Shire-wide news extracts from the Moruya Examiner of 27 January 1917, provided by the Moruya & District Historical Society:
HOTEL CHANGES HANDS – At the Moruya Court on Tuesday the license of the Adelaide Hotel was transferred from Ada Pollock to “Tom” Mallet of the Hotel Carlton, Sydney.
H. J. THOMSON will offer three milking cows for sale at the Adelaide Hotel today.
GENERAL ENTRY – Horse owners are reminded that general entry night for the Moruya annual races has been fixed for Thursday next the 1st of February, at 8 o’clock at Tatts, Keating’s Hotel.
AMUSEMENT TAX As the Government has fixed the amusement tax at one penny in the shilling, the Moruya Jockey Club has decided to make this collection at the inner gate where gentlemen will pay an extra sixpence and ladies an extra threepence, and thus do away with the penny collection at the outer gate. The public is requested to bring the correct change.
PUBLIC HOLIDAY – The Secretary, Mr. Flanagan, has received a communication from Mr. H. E. Simpson, Shire Clerk, that Monday, 5th Feb., first day of Moruya Annual Races has been gazetted a Public Holiday.
DEATH AT COBARGO – Soon after resuming work after dinner on Friday, a man named McCauley, employed on the new Bank premises, collapsed from heat apoplexy. He was working at the filling-in of concrete foundations, and complained of feeling dizzy. His mates went to his assistance but he collapsed. He was taken to Hammond’s Hotel, and attended by Dr. Lister. He later developed delirium. “Mac,” as he was familiarly called in Cobargo was a prime favorite. – “Chronicle.”
OUR HARBOUR – As we have already pointed out in these columns the channel in the Moruya River, which is utilised as the port for this big shipping district, has so silted up, consequent upon the late flood, that on every occasion that the steamer tries to navigate it the little craft gets so firmly stuck that it is compelled, after struggling in vain and wasting fuel, to wait until the following tide. On Saturday morning last the regular boat, the s.s. Benandra, stuck fast when nearing the town and was obliged to put its passengers ashore in one of the small boats. If some strong concertive action is not soon taken by the public to get a suction pump at work here, it won’t be very long before Moruya will be minus a boat altogether.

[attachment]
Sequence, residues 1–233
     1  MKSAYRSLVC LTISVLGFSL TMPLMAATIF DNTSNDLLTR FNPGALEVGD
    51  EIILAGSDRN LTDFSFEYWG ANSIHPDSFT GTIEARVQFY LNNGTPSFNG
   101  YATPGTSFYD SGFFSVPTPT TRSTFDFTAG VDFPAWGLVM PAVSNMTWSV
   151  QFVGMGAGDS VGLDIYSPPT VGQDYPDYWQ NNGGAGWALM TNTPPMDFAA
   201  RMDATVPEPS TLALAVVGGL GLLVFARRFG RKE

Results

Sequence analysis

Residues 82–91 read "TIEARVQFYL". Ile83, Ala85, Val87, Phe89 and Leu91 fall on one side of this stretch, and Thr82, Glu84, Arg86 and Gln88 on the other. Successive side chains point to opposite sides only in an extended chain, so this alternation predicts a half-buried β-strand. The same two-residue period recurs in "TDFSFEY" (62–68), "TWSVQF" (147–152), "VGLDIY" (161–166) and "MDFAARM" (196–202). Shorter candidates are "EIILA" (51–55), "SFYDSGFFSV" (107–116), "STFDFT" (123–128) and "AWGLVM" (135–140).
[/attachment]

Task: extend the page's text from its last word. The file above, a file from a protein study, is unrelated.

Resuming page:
WEDDING – BERRIMAN – RAVAILLION All Saint’s Church, Bodalla was the scene of a very pretty wedding on Wednesday 17th inst. When Alfred Joseph, fifth son of Mr. and Mrs. C. Berriman, Congo Bergalia, was married to Phyllis Elsie, eldest daughter of Mr. and Mrs. H. Ravailiion “Fernleigh,” Coila. Rev. H. E. Lewin officiated. The bride, who was given away by her father, looked charming in a beautiful gown of ivory crepe-de-chene, with over dress of shadow lace, the square Court train of white satin being lined with shell pink and trimmed with true lover’s knots, and sprays of orange blossoms. After the ceremony the bridal party were driven to the residence of the bride’s parents where a sumptuous wedding breakfast was served and the usual toasts being proposed and responded to, only the immediate relatives of both families being present. Later Mr. and Mrs. Ravaillion gave a brilliant reception in the Turlinjah Hall. Mr. and Mrs. Berriman left early in the evening on their wedding tour of the South Coast.
NERRIGUNDAH – (From our Correspondent). Miss Madeline Mather, who was a pupil of that talented teacher, Mrs. Johnstone of Eurobodalla, received notice last week that she had been appointed teacher of a school at Kyogle at a salary of £132 a year. Miss Mather left on Thursday for her new home with good wishes from all who have had the pleasure of her acquaintance.
Mr. W. E. Guest received a letter from Private Frank Curtis, who has been fighting on the Somme but is now in the Beaufort War Hospital in England suffering from “trench feet.” Frank says that he expects to be back in that butcher’s shop of a battle field in a few weeks. “We are getting a bit the better of things on the Somme but it is a hard-fought battle. It is terrible weather in France, all the battle ground is nothing but a great big bog hole, many who get wounded in the early stages of the battle smother in the mud. One gets bogged up to the waist and has to be pulled out at times.
Eighteen 100 years ago booklets containing articles for the years 1899 to 1916 are available ($5 ea) from the Society’s rooms. Copies of local newspapers from the 1860s to date can be viewed at the Society’s Family History Research Centre (Ph 4474 3224) situated at the rear of the Museum in Campbell St. Moruya (www.mdhs.org.au).